Being a remote product manager is one of the most challenging jobs I’ve ever had in my career. I think one of the things that has been most difficult is defining and understanding what exactly I do and what my role is on the team. If you ask ten people in our industry what a product manager is, you will most likely get ten different responses. Even in the two years that I’ve worked for Fullstack, my daily routine and responsibilities have changed dramatically as the company has evolved and grown.
Setting The Stage
I think we all can agree that, on a high level, a product manager’s role is to “manage the lifecycle of a product” and to “analyze the market conditions to define features and requirements of a product.” But what does that actually mean and how does it play out on a daily basis? This is the first post in a series to explore the ins and outs of the guiding principles I try to follow on a daily basis as a remote product manager pushing to create and deliver successful, extraordinary products to market.
As I’ve pondered product management, I keep coming back to the memory of working as a saute line cook in a fine dining restaurant during my college years. If you’ve never witnessed the awe-inspiring harmony of a well-run kitchen firing on all cylinders, I highly recommend it. In most professional kitchens, you have a line of cooks each with a different station such as saute, grill, middle, salads, and desserts. Running the kitchen is the executive chef or chef de cuisine. This person, also referred to as the expediter, is responsible for controlling the “board,” which houses all the tickets and orders placed by customers in the restaurant. During busy nights, we would have upwards of 30 to 40 tickets on the board at the same time. That’s roughly the equivalent to 120 dishes that need cooking all at the same time.
The expediter has to tell each specific station what to cook, how much, when to cook it, and when to bring it to the window. The idea is that each station puts their dishes in the window at the same time for any given table so the food could be delivered together at the correct time. If the food was cooked too early before the table had finished their previous course, it would go bad. If food was fired too late, restaurant patrons quickly became disgruntled at the sound of their rumbling belly. In addition to timing the delivery of every ticket perfectly, the expediter inspects each and every finished dish to make sure that it adheres to the quality standards of the restaurant.
They have to be able to jump onto the line to help out when needed, run out and talk to a customer who wants face time with the chef, and manage the food inventory to make sure there are sufficient supplies for the night’s dinner service. The expediter also interfaces with the servers running in and out of the kitchen asking questions, educates them on the dishes being served that night, and communicates with the front of the house management to handle out of the ordinary requests, allergies, and special situations the kitchen can and cannot handle.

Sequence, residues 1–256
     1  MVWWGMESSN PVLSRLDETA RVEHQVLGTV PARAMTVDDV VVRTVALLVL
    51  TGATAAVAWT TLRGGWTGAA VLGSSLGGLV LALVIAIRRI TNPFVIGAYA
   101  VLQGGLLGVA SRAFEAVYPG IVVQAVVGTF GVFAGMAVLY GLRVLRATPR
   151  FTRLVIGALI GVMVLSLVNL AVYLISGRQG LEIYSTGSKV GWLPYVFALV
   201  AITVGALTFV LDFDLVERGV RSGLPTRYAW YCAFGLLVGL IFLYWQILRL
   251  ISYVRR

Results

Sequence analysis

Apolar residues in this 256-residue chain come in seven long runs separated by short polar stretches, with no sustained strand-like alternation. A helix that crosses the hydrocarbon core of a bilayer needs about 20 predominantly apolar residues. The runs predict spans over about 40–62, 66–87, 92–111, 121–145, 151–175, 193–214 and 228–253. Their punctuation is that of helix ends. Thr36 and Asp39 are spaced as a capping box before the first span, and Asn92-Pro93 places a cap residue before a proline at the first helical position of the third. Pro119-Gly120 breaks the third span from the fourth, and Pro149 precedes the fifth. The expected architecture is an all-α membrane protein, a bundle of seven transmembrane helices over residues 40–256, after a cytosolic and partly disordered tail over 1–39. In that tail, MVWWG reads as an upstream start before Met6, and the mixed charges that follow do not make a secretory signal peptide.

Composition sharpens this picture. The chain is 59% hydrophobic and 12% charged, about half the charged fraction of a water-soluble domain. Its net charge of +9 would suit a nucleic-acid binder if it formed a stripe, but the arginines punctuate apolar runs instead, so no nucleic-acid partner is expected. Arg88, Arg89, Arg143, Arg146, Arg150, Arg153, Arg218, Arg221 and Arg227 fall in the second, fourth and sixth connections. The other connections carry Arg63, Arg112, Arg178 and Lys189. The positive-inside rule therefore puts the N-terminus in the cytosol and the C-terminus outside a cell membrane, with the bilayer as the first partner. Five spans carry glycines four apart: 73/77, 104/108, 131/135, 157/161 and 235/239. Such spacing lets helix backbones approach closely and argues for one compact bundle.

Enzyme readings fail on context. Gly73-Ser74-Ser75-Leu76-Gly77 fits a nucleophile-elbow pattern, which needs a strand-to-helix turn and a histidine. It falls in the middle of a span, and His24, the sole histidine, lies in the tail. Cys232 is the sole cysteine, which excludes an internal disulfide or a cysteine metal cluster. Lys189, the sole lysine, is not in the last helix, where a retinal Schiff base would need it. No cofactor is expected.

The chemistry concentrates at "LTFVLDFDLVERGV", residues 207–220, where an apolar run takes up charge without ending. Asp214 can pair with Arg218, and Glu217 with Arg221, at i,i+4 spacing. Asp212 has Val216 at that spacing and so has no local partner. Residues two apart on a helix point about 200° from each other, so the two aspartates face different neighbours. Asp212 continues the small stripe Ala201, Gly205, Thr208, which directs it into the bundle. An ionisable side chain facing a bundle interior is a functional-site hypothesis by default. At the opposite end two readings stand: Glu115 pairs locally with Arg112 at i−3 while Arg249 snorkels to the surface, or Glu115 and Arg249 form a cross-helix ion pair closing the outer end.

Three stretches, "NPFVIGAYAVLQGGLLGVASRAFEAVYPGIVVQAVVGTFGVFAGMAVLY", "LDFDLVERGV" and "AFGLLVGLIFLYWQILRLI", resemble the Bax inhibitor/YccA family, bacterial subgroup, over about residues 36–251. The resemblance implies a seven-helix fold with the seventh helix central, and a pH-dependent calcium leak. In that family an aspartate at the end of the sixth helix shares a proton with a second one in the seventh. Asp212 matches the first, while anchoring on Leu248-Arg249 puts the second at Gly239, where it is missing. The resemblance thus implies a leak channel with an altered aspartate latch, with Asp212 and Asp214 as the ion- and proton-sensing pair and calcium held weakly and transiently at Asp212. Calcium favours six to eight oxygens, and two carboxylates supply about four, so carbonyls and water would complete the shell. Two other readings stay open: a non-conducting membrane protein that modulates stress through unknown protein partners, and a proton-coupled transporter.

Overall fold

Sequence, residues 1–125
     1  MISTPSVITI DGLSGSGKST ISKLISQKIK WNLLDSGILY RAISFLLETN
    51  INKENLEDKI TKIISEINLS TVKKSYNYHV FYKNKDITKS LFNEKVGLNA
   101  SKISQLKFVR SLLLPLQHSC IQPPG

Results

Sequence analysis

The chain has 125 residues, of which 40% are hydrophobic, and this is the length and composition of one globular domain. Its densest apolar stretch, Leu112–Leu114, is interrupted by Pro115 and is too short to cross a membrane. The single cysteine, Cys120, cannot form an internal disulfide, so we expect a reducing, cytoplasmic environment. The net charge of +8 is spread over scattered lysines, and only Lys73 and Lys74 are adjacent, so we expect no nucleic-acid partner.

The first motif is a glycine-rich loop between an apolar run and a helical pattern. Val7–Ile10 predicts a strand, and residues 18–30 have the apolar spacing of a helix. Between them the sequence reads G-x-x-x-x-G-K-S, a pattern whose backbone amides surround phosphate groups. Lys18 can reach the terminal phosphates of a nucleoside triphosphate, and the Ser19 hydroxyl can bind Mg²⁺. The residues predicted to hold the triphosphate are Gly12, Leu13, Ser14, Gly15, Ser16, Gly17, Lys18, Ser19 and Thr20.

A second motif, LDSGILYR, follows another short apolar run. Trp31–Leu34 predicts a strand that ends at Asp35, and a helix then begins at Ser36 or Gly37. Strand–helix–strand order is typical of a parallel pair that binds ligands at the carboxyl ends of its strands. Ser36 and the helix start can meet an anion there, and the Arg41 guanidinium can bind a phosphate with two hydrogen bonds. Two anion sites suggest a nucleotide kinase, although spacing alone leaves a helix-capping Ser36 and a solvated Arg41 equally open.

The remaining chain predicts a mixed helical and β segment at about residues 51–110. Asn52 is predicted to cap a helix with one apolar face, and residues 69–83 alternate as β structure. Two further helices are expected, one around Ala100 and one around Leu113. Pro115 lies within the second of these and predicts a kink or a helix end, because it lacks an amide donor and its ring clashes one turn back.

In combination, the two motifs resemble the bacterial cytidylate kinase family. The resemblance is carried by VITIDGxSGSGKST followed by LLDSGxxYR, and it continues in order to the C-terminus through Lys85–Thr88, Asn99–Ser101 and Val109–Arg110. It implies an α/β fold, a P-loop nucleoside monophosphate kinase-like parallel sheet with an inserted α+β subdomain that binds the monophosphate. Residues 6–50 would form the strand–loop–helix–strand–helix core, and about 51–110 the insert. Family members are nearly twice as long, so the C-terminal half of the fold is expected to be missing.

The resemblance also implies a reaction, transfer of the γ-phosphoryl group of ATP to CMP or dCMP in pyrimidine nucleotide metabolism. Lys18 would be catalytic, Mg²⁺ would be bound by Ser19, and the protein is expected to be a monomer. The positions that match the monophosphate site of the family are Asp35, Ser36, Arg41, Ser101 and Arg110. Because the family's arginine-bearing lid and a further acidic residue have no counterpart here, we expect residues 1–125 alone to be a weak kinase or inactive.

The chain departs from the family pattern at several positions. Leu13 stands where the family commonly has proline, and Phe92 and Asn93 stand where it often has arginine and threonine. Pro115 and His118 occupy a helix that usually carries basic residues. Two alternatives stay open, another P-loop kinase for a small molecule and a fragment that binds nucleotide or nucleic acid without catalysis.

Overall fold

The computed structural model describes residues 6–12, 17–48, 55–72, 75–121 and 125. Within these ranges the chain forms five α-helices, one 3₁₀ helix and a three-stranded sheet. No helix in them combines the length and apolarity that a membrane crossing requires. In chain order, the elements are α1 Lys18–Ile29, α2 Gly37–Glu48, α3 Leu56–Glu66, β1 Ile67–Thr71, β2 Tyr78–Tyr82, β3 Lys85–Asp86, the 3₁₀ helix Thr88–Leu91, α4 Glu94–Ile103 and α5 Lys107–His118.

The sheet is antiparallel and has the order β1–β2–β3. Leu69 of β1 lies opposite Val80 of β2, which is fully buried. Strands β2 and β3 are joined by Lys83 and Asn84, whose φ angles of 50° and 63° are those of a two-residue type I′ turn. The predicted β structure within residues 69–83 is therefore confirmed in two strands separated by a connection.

For an expediter to do his job well, he has to manage chaos and turn it into a harmonious dance where everyone understands their roles and has the information they need to perform their job so that the end result is impecable service and extraordinary food delivered to each and every customer that walks through the door. Watching an experienced expediter run a kitchen is very similar to watching a true product manager exercise his craft. A good product is the aggregate of the team’s ability to create and deliver something that truly solves your needs with a touch of wow.
As a product manager, you need people to succeed at their individual roles and you need to understand your customer, what they need, and when they need it. Being a remote product manager adds a whole additional layer of complexity to the process because so many of the things needed for your team to succeed require spot on communication. I’ve put together a list of 10 guiding principles that I follow as a remote product manager:
- Be the air traffic controller
- Know your team
- Understand your customers
- Make decisions on the fly
- Remove blockers
- Take responsibility and do whatever it takes
- Bridge the gap
- Embrace the unknown
- Address risks head on
- Keep it simple
This is in no way exhaustive, but these ten things represent what I’ve found to be the most important qualities, characteristics, and actions that a product manager has and does. Over the next several posts in this series, I want to break down each of the items in more detail and explore the processes and solutions I’ve found to accomplishing them just as effectively (if not more so) than traditional, office based product managers.